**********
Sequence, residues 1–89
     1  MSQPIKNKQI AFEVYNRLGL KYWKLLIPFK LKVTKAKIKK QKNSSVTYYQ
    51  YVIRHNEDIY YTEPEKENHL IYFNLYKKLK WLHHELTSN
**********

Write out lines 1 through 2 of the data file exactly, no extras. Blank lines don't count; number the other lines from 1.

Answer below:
Sequence, residues 1–89
     1  MSQPIKNKQI AFEVYNRLGL KYWKLLIPFK LKVTKAKIKK QKNSSVTYYQ